Your message. In focus.

Should you update your book? Maybe, maybe not.

painting a wall with three bright colored paint rollers to represent updating your book

A past client contacted me to ask if I would make a few minor changes to his book, which we’d published three years earlier. I decided that if we were updating his book anyway, I should reread the whole thing for other needed editorial adjustments.

As I read, I flagged items for consideration. I was happy to note only one small typo; everything else was so minor it would fly under most readers’ radar. But with three more years of book work under my belt, I’d refined my preferences around commas, capitalization, and similar style decisions and had honed my sense of when to consult Chicago Manual of Style or Merriam-Webster for correctness. Still, of the dozen or so items flagged, I ended up changing only a handful.

Overall, I was tickled how well the book read. The author had a lot to be proud of, and I was glad to be a part of it.

The experience raised the question for me: When should you update your book? Or should you?

In the world of traditional publishing, it’s difficult to make updates to an existing print book. When there’s inventory sitting in a warehouse, the publisher is not likely to do a new print run just because the author wants to change a few words. But in the indie world of ebooks and print-on-demand publishing, updating your book can be done at almost any time.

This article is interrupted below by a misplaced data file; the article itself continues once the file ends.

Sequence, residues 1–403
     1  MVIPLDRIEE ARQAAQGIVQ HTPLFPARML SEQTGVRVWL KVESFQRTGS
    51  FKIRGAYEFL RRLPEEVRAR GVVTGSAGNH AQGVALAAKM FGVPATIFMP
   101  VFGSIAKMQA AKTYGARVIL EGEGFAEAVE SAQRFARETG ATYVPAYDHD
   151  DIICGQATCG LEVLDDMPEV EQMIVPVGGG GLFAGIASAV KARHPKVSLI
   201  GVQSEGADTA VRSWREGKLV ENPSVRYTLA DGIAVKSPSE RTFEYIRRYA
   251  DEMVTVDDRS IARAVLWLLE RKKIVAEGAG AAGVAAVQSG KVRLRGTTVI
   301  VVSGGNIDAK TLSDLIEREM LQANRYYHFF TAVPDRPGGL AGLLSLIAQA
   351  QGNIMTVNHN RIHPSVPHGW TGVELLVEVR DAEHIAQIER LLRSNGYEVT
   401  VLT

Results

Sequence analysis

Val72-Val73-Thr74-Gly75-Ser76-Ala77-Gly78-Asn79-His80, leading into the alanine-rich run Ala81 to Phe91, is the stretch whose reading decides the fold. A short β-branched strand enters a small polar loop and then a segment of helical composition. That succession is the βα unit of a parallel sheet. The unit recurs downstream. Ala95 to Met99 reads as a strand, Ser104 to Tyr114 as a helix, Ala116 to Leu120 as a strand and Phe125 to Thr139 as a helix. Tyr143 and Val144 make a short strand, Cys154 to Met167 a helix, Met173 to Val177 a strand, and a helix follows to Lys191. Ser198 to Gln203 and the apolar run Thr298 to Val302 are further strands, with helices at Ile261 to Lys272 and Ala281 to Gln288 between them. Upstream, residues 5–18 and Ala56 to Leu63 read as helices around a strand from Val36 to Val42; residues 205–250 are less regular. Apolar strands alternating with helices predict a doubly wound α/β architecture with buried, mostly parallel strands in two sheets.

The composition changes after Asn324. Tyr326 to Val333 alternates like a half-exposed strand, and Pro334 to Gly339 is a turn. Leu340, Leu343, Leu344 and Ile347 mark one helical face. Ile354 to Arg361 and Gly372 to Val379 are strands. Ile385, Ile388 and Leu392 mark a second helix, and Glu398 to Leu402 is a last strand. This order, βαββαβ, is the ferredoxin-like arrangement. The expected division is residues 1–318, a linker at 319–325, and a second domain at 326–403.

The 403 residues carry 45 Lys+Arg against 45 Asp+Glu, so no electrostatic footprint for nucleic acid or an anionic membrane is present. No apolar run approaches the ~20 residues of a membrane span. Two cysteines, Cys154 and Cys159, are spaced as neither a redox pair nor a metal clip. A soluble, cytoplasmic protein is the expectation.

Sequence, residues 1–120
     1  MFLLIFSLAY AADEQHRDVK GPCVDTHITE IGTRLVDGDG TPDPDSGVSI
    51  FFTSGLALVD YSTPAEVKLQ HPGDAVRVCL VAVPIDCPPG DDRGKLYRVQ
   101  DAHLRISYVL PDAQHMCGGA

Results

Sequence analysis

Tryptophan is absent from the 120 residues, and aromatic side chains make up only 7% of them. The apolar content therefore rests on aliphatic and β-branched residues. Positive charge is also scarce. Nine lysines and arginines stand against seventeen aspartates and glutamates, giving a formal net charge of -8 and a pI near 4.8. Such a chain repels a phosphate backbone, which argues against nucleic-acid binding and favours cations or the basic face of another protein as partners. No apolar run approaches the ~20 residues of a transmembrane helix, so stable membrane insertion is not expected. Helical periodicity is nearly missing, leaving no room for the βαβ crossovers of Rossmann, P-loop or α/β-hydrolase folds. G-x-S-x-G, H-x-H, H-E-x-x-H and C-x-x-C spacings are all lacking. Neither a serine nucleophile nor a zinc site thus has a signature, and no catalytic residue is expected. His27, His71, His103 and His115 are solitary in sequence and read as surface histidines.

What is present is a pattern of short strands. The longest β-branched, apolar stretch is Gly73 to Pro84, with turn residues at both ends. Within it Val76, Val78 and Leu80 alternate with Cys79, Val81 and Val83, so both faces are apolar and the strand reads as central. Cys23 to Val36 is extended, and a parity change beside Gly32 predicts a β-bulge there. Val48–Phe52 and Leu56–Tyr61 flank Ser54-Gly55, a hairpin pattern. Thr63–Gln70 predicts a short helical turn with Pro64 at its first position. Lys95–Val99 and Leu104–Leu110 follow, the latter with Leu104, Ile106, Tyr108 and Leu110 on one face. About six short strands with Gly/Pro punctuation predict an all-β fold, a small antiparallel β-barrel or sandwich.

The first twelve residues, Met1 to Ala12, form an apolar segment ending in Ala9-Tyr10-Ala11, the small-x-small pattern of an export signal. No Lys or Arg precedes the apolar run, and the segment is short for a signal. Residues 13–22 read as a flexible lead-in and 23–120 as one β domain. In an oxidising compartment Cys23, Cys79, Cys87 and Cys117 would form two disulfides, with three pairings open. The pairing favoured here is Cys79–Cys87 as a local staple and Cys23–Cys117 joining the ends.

Types of book updates

Let’s first distinguish the types of updates you might make: reprinting an existing edition, revising an existing edition, or publishing a new edition.

Reprinting an existing edition

In the traditional print world, when the first print run sells out, they do a second printing, or a “reprint.” The reprint may be identical to the first run, but it sometimes entails corrections of the sort I made for my client—small adjustments that don’t materially change the book. (If someone were to read both versions, they’d be hard pressed to notice the differences.)

Even though you aren’t doing a print run in the traditional sense, if you are making minor updates—typos, diction, punctuation, grammatical issues, style choices, or minor factual changes (e.g., a changed URL)—consider it a reprint.